The Great Mahele

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In 1848, An event called the “Mahele” changed the traditional Hawaiian system of land tenure from communal use to private ownership (Kameeleihiwa 3). Events in the past of Hawaii, like the Mahele of 1848, left a devastating mark in Hawaii’s history; It helped eventually lead to the overthrow of the monarch and still affects today’s problems in Hawaii. To understand the native Hawaiian’s perspective of the Mahele, one must first learn the Hawaiian mentality. In Hawaiian culture it is believed that Wakea (sky-father) and Papahanaumoku (earth-mother) are the parents of the Hawaiian islands. If anything the Hawaiian islands belonged to Wakea and Papa. The islands, being born from an akua (God) was therefore an akua itself. Land in…show more content…
This also allowed the makaainana (commoners) to purchase kuleanas, or small lots in fee simple. The Land Commission made awards to the makaainana and were called kuleana awards.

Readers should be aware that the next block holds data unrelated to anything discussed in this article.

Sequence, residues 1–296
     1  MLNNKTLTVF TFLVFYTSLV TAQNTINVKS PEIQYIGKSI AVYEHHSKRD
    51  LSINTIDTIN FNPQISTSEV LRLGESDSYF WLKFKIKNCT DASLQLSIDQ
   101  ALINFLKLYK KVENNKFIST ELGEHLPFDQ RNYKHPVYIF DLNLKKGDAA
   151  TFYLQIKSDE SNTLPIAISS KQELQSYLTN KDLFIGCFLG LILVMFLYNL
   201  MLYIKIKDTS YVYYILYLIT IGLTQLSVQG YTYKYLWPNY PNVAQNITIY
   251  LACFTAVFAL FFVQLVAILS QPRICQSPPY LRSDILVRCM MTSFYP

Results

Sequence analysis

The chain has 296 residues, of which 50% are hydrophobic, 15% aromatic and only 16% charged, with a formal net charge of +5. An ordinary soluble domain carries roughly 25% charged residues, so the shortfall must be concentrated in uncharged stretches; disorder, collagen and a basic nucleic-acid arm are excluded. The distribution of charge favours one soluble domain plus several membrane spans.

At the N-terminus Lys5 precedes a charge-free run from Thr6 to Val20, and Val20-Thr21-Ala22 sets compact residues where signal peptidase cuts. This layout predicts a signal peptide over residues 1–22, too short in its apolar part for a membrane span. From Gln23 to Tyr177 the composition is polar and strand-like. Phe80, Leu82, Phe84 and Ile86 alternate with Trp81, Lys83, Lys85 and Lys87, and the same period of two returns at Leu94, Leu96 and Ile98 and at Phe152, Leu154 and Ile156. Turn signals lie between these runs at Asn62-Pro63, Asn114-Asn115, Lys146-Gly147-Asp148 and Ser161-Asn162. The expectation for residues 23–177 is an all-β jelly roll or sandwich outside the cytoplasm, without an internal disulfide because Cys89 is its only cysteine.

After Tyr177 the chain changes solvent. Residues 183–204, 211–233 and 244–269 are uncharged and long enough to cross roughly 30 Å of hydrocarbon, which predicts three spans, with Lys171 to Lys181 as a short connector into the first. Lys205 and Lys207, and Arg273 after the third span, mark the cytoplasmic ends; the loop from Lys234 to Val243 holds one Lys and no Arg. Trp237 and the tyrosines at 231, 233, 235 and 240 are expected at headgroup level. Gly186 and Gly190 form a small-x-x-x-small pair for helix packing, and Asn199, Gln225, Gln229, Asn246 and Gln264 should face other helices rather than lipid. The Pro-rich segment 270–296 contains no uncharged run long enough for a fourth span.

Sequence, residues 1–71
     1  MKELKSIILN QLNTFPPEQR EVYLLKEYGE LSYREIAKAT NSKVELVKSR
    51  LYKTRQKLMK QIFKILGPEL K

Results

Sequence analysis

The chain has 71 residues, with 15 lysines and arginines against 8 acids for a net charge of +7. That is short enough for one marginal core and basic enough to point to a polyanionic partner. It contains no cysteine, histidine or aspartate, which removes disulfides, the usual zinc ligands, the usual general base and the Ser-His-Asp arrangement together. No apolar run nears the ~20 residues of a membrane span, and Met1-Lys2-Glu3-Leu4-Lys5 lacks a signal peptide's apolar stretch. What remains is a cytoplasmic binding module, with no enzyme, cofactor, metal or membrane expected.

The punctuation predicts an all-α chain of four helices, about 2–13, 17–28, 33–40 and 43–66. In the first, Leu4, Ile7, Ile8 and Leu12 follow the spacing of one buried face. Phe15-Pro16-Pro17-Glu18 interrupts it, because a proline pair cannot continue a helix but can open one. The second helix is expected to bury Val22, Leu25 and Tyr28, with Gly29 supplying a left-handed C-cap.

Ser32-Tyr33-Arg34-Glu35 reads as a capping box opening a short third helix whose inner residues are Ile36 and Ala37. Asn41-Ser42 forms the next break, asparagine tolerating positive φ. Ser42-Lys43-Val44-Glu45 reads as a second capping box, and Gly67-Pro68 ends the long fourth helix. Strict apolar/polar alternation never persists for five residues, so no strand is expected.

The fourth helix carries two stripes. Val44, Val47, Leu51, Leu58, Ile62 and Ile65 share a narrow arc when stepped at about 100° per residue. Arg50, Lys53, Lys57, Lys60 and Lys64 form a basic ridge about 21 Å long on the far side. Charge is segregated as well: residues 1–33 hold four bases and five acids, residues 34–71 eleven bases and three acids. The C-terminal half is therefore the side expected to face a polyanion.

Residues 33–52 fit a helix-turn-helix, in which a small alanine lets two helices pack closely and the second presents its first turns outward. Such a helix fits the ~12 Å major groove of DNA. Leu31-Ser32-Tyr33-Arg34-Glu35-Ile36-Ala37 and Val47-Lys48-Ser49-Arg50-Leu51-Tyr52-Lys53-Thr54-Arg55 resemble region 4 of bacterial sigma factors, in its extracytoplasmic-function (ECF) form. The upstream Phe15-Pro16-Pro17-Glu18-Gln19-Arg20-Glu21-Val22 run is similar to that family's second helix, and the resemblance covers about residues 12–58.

During this time if the makaainana wanted to legally own the land they had been occupying for generations, they had to register claims. Only a few of the makaainana submitted their claims and fewer were even awarded lands. Less than one percent of the land were awarded to the people whom had actually worked the land. The total of the lands which were awarded to them was 28,658 acres (Andrade 84). Char 4
Till today it is still a mystery as to why there were so little kuleana claims made and why there were less awarded probably because the Land Commissions failed to keep any records of its deliberations. Some question that maybe some of the makaainana wanted to keep depending on the Alii Nui and continue to share a bond with someone who held more power (Kameeleihiwa 296). Most makaainana even if they were awarded a kuleana claim had struggled to produced goods for sale without being granted full access of the resources of their ahupuaa. The Mahele didn’t give the alii the ability to direct labor of the makaainana and that ability was then replaced by a system of taxation. Now it was apparent that fee-simple ownership was the rule (Kester 58).
Most of the kuleana awards were lands that used to be claimed by the Moi, Alii Nui, and konohiki whom had already given up ⅔ of their
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